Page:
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The James Webb Space Telescope has captured a highly detailed image of a nearby dwarf galaxy. The near-infrared view opens up the deepest view of the stellar panorama, which could offer astronomers an ideal tool for studying aspects of the early universe.
The image shows a row of stars in a so-called lone dwarf galaxy Wolf – Lundmark – MelotteIt is about 3 million light-years away from our home galaxy, the Milky Way, and about one-tenth the size.
The WLM galaxy is interesting to astronomers because it is largely isolated and has a similar chemical composition to galaxies in the early universe. NASA🇧🇷
Launched in December 2021, the Webb telescope is the most powerful space observatory to date. It is able to detect the faint light of incredibly distant galaxies glowing in infrared light, a wavelength invisible to the human eye.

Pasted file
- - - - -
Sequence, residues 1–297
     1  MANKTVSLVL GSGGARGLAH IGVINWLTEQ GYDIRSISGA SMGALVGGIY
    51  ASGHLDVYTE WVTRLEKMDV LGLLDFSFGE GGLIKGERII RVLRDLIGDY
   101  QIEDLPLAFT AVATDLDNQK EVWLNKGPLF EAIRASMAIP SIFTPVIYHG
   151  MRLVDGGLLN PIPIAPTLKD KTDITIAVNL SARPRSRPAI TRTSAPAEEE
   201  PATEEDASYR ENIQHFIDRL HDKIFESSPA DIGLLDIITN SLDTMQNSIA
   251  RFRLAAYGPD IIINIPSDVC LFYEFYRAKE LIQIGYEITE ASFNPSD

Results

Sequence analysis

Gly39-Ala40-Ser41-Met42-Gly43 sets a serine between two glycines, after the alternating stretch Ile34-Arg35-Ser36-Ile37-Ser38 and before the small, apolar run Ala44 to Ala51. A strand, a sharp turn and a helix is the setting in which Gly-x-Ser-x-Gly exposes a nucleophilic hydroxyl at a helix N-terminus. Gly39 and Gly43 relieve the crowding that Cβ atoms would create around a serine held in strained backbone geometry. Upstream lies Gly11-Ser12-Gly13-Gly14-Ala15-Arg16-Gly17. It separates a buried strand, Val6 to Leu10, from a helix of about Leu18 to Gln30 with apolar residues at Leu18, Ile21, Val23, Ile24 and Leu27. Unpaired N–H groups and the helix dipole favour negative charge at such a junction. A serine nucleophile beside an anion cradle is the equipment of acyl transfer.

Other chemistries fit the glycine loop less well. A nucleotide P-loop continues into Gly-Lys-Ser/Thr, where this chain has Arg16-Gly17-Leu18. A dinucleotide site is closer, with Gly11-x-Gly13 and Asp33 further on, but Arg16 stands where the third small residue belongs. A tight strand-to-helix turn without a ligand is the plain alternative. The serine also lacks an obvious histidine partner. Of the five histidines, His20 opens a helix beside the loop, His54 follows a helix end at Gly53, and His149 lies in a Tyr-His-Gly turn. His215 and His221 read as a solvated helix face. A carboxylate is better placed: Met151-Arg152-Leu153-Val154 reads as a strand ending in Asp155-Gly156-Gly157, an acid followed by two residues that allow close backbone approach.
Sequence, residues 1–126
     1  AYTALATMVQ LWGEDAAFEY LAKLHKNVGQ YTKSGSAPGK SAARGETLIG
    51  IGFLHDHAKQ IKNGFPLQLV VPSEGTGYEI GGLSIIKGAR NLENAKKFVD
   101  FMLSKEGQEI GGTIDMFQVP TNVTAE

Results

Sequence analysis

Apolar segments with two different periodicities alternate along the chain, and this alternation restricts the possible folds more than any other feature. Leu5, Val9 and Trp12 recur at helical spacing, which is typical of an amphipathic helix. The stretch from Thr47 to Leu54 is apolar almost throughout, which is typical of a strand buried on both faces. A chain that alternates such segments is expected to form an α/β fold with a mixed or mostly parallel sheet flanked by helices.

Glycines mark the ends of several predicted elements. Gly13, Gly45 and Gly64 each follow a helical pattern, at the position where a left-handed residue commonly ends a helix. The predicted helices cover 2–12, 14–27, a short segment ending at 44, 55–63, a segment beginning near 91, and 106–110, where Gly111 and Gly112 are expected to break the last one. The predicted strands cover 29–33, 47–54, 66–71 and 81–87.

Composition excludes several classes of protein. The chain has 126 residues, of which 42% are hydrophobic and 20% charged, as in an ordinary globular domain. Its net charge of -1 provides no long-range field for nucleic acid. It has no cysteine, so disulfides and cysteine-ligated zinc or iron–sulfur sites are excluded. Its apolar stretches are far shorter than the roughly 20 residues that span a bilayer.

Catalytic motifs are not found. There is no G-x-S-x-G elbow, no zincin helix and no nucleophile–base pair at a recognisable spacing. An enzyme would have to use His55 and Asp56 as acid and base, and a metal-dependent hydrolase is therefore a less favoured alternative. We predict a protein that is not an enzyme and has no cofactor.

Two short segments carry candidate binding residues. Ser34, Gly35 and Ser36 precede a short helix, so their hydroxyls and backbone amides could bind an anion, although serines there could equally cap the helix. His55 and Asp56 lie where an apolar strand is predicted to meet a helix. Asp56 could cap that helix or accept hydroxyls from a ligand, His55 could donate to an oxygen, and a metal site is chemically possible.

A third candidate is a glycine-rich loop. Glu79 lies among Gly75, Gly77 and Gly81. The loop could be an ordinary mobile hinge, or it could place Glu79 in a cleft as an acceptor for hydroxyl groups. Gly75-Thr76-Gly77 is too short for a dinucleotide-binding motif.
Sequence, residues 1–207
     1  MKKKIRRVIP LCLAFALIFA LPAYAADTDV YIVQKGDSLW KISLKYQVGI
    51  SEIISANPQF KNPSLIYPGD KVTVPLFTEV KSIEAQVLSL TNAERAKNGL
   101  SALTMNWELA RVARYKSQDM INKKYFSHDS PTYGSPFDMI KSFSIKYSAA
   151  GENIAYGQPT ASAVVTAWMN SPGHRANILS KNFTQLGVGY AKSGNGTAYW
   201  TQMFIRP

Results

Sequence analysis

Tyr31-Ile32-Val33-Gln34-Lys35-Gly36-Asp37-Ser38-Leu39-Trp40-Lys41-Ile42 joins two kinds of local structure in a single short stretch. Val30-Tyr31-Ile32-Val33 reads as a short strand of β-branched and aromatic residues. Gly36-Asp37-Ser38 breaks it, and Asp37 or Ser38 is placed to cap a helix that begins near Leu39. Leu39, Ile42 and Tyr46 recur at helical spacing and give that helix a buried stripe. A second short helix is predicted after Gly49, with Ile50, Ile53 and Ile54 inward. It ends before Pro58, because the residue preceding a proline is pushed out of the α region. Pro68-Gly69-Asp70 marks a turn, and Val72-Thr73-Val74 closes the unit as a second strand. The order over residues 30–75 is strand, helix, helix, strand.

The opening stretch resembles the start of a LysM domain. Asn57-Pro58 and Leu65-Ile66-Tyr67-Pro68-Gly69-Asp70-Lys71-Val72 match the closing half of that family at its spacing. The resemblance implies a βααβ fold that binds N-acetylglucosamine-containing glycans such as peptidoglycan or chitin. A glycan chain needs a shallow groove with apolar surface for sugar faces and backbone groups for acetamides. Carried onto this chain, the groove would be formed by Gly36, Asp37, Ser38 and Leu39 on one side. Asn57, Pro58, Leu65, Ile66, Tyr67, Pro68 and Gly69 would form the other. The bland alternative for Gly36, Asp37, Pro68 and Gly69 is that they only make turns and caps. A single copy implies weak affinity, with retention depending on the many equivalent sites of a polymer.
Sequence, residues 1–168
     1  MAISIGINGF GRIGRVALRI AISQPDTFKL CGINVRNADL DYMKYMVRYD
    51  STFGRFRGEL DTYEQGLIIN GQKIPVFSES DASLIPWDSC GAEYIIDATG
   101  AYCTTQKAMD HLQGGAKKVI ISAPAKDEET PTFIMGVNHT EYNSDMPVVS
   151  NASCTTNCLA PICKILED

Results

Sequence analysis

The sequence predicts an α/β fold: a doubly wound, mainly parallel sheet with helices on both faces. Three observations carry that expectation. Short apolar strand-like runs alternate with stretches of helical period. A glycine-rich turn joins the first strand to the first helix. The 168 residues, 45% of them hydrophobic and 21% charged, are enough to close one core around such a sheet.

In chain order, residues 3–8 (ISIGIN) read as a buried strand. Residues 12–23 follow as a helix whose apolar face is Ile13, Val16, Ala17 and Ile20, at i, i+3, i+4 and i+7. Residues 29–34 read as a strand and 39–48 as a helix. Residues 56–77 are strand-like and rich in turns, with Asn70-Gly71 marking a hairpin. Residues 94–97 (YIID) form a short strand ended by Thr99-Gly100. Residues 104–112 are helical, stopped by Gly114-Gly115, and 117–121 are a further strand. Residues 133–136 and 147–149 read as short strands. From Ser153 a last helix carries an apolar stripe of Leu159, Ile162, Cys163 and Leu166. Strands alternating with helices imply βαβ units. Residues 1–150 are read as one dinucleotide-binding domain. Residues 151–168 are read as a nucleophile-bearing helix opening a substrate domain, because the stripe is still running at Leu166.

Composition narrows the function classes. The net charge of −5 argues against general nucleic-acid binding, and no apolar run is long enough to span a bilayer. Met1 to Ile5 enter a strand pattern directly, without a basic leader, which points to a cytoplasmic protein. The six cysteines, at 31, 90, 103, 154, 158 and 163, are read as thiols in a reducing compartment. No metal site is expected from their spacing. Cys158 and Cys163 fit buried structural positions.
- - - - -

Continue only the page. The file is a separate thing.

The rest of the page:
Hubble Space Telescope and the now defunct Spitzer Space Telescope have described the WLM galaxy, however He used the Near Infrared Camera, also called Webb NIRCamcapture in unprecedented detail.
“We can see countless individual stars of different colors, sizes, temperatures, ages, and stages of evolution; interesting nebulous gas clouds within the galaxy; Foreground stars with Webb diffraction spikes; and background galaxies with neat features like tidal tails,” said Kristen McQuinn, assistant professor of physics and astronomy at Rutgers University in Piscataway, New Jersey. In a statement published in NASA Website🇧🇷 The tidal tail is a thin “tail” of stars and interstellar gas extending from the galaxy.
“It’s a truly magnificent sight,” he said. Webb Early Release Science program🇧🇷
NASA’s official Webb telescope account on Twitter declared that compared to past space observatory images, Webb’s NIRCam image “makes the whole space sparkle” — a reference to the song “Bejeweled.” Taylor Swift’s new album Midnights.
On NASA’s website, McQuinn noted that some of the stars depicted in this latest Webb image are low-mass stars that formed early in the universe and can live for billions of years.
“By determining the properties (such as their ages) of these low-mass stars, we can gain insight into what happened in the very distant past,” he said.
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